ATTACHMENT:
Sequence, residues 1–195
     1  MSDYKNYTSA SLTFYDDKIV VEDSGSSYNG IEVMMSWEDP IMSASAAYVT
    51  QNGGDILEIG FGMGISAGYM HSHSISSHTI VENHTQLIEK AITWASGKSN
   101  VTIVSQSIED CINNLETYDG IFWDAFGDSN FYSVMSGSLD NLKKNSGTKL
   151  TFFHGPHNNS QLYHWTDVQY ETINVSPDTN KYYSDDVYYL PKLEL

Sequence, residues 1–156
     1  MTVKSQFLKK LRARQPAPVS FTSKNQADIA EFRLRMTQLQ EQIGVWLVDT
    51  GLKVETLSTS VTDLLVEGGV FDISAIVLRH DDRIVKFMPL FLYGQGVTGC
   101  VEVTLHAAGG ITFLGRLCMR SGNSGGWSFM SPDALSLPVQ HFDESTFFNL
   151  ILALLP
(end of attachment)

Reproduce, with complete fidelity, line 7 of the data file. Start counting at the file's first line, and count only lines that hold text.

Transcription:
     1  MTVKSQFLKK LRARQPAPVS FTSKNQADIA EFRLRMTQLQ EQIGVWLVDT